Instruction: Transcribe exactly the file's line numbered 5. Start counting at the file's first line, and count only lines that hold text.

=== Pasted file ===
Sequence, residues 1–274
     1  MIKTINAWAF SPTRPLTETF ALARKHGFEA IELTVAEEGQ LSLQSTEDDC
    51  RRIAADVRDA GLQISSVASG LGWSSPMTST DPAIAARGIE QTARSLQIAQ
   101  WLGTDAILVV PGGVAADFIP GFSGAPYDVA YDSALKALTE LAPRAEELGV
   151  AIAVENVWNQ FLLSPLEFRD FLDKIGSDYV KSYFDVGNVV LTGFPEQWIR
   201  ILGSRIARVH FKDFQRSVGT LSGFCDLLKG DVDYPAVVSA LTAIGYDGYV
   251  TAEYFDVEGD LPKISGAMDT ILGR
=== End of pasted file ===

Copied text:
   151  AIAVENVWNQ FLLSPLEFRD FLDKIGSDYV KSYFDVGNVV LTGFPEQWIR